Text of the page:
The EPF or the Employees’ Provident Fund is the most popular investment for salaried individuals and is maintained solely by the Employees’ Provident Fund Organisation of India (EPFO). As a rule, any company having more than 20 employees has to register with the EPFO. On 10th of February this year, Ministry of Labour issued a gazette notification about the changes in EPF act secretly. However, it did not issue any press release. Even one can’t find this notification in the labour ministry or EPFO portal. Apparently, the same is available among all other central government notification published on that date.
Despite such silent notification, there have been big changes in EPF withdrawal rules. The changes are as such:
- Retirement Age has been increased – Till now the minimum retirement age for EPF was 55 years. But, now the ‘full’ EPF balance will not be paid before one attains the age of 58 years.
- PF can’t be withdrawn before the age of 57 during the job – Till now you can get the 90% of the EPF corpus one year before the retirement. But, now you should be at least 57 years old.
- 100% EPF withdrawal is not possible before the retirement
- EPF membership does not end with leaving the job – The membership would continue up to the retirement age. The EPF membership has become independent of the job.
The EPF scheme was designed keeping in mind the private sector employees who do not give due thought to their retirement days. It is particularly very beneficial to those who don’t get any pension. In the present scenario, the job switch has become very common and people withdraw their full PF amount very often with every job switch. The Employees Provident Fund has become the retirement saving in the true sense. It would surely be good news in the long run. Hence, to make EPF more fruitful, the EPFO has come with stringent EPF withdrawal rules. The purpose of the new rule is to make EPF withdrawal difficult so that it will be beneficial when you are actually in need of this amount.
Often parents have the mentality to get their child married till they are serving in the organization and to utilize the EPF amount. As per the new rules, you cannot withdraw the 100% EPF amount before the retirement. Additionally, you would not be able to use the EPF corpus for your business or for any other more beneficiary scheme. The retirement saving would remain stuck to EPF whereas you can earn a better return by investing in the mutual funds.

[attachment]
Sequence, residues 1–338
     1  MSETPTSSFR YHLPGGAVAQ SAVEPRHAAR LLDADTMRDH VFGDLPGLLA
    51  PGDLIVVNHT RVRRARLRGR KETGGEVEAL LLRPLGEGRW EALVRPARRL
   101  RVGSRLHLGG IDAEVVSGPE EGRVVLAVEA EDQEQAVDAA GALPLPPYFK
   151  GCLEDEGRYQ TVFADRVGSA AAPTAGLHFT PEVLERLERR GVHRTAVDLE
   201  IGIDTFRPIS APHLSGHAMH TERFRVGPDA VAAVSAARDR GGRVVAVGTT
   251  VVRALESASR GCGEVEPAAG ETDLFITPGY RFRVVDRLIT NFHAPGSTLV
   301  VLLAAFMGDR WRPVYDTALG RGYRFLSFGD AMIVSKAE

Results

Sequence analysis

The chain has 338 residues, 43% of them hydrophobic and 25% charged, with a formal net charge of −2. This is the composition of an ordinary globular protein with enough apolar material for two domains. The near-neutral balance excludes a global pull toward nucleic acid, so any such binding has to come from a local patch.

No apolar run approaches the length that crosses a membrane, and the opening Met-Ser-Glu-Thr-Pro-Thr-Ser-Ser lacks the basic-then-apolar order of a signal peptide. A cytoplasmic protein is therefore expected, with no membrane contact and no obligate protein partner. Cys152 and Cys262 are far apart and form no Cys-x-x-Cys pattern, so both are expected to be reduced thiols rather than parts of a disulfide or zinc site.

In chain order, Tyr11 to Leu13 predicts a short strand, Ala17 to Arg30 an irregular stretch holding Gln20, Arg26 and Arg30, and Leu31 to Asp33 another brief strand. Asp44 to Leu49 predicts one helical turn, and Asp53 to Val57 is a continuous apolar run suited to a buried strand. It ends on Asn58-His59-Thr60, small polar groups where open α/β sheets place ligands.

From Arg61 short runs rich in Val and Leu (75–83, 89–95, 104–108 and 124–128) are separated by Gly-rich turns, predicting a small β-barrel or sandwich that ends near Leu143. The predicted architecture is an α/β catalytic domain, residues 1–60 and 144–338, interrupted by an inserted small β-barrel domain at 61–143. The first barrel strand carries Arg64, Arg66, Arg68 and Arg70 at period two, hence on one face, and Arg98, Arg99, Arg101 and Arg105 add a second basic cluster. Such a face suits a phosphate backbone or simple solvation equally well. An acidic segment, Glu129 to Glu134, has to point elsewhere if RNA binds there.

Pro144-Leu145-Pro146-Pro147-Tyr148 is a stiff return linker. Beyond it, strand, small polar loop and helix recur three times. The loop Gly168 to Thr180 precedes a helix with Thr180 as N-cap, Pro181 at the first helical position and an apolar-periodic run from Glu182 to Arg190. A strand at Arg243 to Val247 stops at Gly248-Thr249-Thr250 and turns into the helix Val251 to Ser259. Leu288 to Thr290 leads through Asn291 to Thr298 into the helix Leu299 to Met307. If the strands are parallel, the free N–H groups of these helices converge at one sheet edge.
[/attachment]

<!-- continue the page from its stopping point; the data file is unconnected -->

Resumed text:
Many people launched an online campaign against the decision, which was to be implemented from February 10 but was later put on hold until April 30. The violent protest took place in Bangalore where protesters pelted stones at Hebbagodi Police Station and torched seized vehicles parked there, as the spontaneous agitation with no trade union leading it spun out of control.
At least two Karnataka State Road Transport Corporation buses and one of Bengaluru Metropolitan Transport Corporation have been set on fire. Incidents of stone-pelting on buses and other vehicles were reported from different parts of the city such as Bannerghatta and Jalahalli cross, as also near the Electronics City, the hub of IT firms.
Facing protests in several parts of the country, the government kept in abeyance for three more months the proposed move to bar withdrawal of employers’ contribution to the provident fund corpus until an employee attains the age of 58.
The new rules have made the EPF withdrawal difficult. The purpose of EPF is your retirement. Many withdrew their EPF before retirement, unable to gain from the power of compounding and defeating the purpose of EPF. These new rules force you to accumulate at least your Employer’s contributions till you attain the retirement age. However, the withdrawals from the EPF within five years of joining are still taxable.
From now onwards, there would be several EPF account without contribution as people would not be able to withdraw their full EPF corpus. The bigger question arises will such account earn any interest after 3 years?